The New Zealand dollar dropped
sharply today after the Reserve Bank surprised some by
keeping its official cash rate at 2.5 per cent.
While the prevailing view was that the bank would wait until
March before firing its first monetary salvo in nearly three
years, some participants had nevertheless priced in a 25
basis-point rate hike at today's rate review.
When it didn't eventuate, the Kiwi fell from US82.63c before
the release to US81.82c soon after.
The Kiwi initially recovered some ground to trade over US82c
but by late in the trading day, it had dropped back to
Foreign exchange strategists saw the day's decline as a blip.
Longer term, some expect the currency to come under downward
pressure as the year progresses.
Just before the Reserve Bank's release, the US Federal
Reserve said it would push ahead with its plan to cut its
The Fed's so-called tapering activities, provided they are
backed up a stronger US economic data, are expected to put
downward pressure on the Kiwi-US exchange rate this year.
BNZ market strategist Kymberly Martin said both the Fed's and
the Reserve Bank's messages were well anticipated but she
said the local market had nevertheless priced in a 35 per
cent chance of a rate hike.
"There was a certain element of shock for those who were
expecting a hike and the Kiwi responded initially with a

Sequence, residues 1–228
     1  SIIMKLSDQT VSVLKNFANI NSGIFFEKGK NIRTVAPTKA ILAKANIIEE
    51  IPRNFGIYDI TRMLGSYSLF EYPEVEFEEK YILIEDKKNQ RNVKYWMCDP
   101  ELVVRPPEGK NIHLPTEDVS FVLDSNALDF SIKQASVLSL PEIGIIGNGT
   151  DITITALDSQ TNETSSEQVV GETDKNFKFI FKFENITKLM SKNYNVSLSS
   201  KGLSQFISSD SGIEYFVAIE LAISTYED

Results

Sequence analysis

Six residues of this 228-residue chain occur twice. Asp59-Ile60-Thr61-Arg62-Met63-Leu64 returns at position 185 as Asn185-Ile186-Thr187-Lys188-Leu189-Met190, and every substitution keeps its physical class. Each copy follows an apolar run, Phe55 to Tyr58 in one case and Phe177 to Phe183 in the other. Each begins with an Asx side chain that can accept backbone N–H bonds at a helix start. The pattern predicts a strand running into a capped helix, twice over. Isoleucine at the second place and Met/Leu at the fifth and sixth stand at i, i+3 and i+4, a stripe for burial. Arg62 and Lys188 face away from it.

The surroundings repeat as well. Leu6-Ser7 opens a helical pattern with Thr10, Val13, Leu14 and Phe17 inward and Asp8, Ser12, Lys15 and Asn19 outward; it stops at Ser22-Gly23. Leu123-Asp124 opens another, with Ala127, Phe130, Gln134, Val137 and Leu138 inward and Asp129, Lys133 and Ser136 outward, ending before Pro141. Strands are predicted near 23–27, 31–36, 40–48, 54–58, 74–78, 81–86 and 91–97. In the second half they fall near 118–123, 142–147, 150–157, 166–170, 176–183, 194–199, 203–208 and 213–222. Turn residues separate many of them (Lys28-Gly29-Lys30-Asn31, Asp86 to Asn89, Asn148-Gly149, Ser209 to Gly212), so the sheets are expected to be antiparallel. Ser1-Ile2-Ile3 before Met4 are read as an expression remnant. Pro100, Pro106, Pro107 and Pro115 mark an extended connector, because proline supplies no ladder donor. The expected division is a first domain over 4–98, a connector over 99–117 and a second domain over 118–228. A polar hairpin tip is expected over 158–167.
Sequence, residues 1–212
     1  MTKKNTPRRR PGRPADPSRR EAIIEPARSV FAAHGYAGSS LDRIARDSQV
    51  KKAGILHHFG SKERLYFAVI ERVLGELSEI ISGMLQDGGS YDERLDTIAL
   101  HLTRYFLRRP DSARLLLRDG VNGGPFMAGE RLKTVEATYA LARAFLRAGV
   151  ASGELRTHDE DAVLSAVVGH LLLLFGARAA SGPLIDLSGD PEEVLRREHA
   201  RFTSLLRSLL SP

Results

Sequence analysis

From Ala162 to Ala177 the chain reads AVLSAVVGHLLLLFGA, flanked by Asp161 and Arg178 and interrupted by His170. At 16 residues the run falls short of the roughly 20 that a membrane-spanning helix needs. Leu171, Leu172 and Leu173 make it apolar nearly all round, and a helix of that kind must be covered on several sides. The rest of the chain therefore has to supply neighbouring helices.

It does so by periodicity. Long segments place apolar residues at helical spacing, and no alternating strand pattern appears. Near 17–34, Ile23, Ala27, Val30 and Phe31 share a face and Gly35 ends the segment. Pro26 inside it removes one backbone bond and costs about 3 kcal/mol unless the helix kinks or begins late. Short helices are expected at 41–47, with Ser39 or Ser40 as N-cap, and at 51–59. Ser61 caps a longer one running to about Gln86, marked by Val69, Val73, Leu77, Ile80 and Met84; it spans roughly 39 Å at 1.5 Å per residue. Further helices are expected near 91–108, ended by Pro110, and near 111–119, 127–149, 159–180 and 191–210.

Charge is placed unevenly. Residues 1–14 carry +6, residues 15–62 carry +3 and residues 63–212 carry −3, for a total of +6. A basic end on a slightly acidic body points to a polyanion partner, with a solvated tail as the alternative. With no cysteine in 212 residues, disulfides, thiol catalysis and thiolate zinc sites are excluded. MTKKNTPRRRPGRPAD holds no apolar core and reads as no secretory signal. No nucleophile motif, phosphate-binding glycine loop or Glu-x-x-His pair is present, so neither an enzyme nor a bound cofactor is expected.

kneejerk decline," Martin said.
She said there was nothing in the messages from either
central bank that would alter perceptions of where the Kiwi
would go from here.
"But we think the Kiwi has peaked and we don't expect it to
get back above US86c," Martin said. BNZ expects the currency
to remain supported within a 81c to 84c range for the first
half of this year at least.
In the second half, the bank expects New Zealand's terms of
trade to peak and for the gap between the New Zealand and US
economies to narrow.
"Those two factors need to come together for us to see the
New Zealand dollar start to decline," Martin said.
ANZ senior foreign exchange strategist Sam Tuck expects the
Kiwi to remain resilient in the early part of the year, with
US83c likely by the end of the March quarter, falling to
US82c by the end of the June quarter.
But like the BNZ, ANZ expects the exchange rate to drop in
the second half. Tuck expects to see the currency at US80c
for end of September quarter and US78c by the year's end.
"The rationale is we expect global dynamics to take over by
the second half of the year and the US economy - and indeed
other developed markets such as Europe and the UK- to narrow
the performance gap to the NZ economy," Tuck said.
The prospects of a weaker NZ dollar is not a uniform view;
HSBC remains bullish on the Kiwi, based on what it expected
to be a boom year for the economy.
HSBC expects the currency to power ahead to US87c this year,
rising to US88c in 2015.
- By Jamie Gray, APNZ